It's been a while. I've been trying to get back here. I made a pea salad that I thought I might share with you, but then it turned out to be totally unremarkable. We made and devoured these strawberry-rhubarb popsicles, but I'd already mentioned them. (Make them! Soon!) We took a trip to Maine, had the best fish chowder I've ever tasted, and have been unable to recreate it since. In between, we've been eating leftovers and at the restaurant and cereal. There was nothing much to report for days.

But then! The girls and I got up early Saturday morning and went strawberry picking in Falmouth. The fields looked terrible. There were weeds everywhere and the berries were tiny, and one older man picking near us spent the entire time complaining about "young people these days" and how they "don't call them the greatest generation." Apparently he thought the latest generation of farmers should have spent more time weeding their fields, and he might be right. But the very nice young woman at the farm stand said their berry plants were severely damaged by frost, and I suspect she and whoever else is running the show there did a cost-benefit analysis and figured there wasn't much use spending a bunch of time weeding plants that were hardly going to produce anyway.

At any rate, I should have thanked the man on the way out, because when I first arrived and saw the state of the fields, I felt the same way. But Sally was thrilled, and despite the fact that the berries were few and far between and incredibly tiny, they were also incredibly sweet. And in between the older man's bouts of complaints, Sally kept piping up with "This is so much fun, isn't it, Mama?" and "I love strawberry picking!" And so after about five minutes I realized we weren't really there for the berries, but for the experience, and I changed my mood accordingly. Nora pluncked down in between some weeds and some berries, and Sally and I spent an hour hunting around for tiny red jewels quite happily. 

I wish I had a picture of the girls leaving the farm, because they were both completely covered in dirt and berry juice, and they looked exactly like old photographs of me and my sister leaving Prout's Neck after berry picking near where I grew up in Maine. We came home with somewhere in the neighborhood of six quarts of strawberries and four quarts of sugar snap peas, and on the ride home we snacked until we got silly.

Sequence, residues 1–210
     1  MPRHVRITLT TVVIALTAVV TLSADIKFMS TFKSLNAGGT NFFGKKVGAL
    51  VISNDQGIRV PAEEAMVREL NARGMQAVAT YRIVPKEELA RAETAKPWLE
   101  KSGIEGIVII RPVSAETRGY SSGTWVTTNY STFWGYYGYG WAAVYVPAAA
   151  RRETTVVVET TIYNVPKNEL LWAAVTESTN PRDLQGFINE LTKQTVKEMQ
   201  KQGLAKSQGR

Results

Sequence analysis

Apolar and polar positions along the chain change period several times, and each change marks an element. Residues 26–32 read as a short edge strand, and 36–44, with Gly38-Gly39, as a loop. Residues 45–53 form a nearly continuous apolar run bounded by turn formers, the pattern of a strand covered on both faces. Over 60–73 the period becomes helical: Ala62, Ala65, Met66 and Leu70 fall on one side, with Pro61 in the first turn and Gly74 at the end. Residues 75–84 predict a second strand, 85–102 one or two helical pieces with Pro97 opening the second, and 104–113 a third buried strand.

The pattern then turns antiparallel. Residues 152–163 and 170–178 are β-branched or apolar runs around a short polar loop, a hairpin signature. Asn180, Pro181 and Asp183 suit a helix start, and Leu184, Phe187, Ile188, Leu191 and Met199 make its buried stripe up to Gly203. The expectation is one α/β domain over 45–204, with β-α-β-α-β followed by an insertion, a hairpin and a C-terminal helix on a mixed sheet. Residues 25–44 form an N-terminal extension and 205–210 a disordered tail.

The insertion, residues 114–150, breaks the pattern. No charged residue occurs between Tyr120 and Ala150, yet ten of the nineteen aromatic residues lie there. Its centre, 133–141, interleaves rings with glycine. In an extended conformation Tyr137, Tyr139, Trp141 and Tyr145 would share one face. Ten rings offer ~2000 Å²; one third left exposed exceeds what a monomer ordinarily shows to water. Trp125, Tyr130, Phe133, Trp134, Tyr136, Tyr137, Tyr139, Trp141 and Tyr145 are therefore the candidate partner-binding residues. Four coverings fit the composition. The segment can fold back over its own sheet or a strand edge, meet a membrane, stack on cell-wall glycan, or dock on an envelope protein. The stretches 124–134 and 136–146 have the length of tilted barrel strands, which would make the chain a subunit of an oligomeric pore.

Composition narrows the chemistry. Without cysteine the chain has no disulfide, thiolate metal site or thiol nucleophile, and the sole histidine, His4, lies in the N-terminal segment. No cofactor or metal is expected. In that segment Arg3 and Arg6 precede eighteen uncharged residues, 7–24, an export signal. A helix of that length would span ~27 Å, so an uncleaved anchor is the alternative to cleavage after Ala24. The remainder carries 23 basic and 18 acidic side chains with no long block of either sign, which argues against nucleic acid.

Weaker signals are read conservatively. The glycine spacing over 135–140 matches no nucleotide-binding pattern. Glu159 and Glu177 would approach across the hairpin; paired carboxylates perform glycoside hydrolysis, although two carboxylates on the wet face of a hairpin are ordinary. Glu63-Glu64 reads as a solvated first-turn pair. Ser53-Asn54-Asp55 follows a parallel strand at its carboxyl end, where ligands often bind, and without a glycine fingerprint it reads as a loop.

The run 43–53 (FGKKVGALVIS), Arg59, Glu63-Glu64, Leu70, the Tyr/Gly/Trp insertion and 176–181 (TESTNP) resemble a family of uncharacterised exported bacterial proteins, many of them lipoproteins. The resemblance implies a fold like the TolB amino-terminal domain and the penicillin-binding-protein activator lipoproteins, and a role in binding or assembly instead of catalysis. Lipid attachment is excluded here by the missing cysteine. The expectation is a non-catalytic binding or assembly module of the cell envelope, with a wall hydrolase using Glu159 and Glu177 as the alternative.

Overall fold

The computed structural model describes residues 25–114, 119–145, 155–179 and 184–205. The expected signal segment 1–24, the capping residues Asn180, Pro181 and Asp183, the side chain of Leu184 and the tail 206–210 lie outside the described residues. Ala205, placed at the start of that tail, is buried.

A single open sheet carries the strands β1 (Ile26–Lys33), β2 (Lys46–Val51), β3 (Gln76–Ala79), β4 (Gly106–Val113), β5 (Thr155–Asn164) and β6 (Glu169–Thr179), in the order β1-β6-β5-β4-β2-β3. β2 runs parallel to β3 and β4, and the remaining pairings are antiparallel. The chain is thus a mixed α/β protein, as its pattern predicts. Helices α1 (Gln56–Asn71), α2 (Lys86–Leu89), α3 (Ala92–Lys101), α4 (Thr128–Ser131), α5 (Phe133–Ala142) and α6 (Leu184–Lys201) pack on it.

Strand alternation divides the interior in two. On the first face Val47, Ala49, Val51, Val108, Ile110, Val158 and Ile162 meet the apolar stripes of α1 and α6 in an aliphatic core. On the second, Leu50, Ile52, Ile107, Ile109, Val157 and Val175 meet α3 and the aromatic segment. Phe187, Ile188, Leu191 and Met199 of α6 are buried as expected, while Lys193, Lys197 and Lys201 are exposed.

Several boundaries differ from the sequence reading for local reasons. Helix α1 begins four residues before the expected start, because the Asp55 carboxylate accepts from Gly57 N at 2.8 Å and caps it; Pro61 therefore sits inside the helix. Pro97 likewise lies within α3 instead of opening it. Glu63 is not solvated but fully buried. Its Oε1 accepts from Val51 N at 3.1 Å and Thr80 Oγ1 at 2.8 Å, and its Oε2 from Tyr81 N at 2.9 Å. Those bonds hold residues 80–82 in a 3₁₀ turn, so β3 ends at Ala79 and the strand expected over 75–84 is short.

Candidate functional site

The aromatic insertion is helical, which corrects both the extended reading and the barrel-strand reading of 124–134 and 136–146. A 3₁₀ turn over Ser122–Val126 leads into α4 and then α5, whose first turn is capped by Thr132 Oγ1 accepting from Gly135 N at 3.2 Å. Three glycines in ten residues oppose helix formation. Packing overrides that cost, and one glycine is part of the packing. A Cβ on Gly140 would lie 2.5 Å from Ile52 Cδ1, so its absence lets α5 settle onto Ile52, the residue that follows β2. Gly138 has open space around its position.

I asked the young woman as we left about next year—whether they would be replanting, or if they were letting the fields go—and she said they would be putting in new rows. Maybe next year we'll have enough for jam, or even freezing.

In the meantime, we've been eating our berries the best way I know—sliced up and sprinkled with just a tiny bit of sugar, and then drizzled with heavy cream. Sally requests it for breakfast, lunch, and dinner, and until the berries run out, I think that's okay. 


ONE RED // elspeth

Today, as usual, Alex and I were attempting to sleep for ten extra minutes while Sally picked out a piece of fruit from the bowl on the counter and played in the living room downstairs. This sometimes works, often doesn't, but is always worth a try. (Nora is the late-riser around here.) We heard the screen door open, and then things were blissfully quiet for about a minute and a half, and then we heard Sally patter back up the stairs. 

"Mama, Daddy!" she exclaimed. "I have some very exciting news for you this morning!"

She held up the first ripe strawberry, bright red. She decided it was too special to eat. So instead she brought it into school in her Easter basket, passed it around at circle time (where her friend Jacob apparently took a small bite out of it), brought it home, checked to see if I thought it was still okay, and then ate it. Big day for a little strawberry.

Finally, we checked for more ripe berries since the sun was out all day, and we found two! more!

Happy June, friends.

P.S. We're planning to make these strawberry-rhubarb yogurt pops the moment we get our first big haul. YUMMMM !


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All text, photographs, and other original material copyright 2008-2010 by Elspeth Hay unless otherwise noted.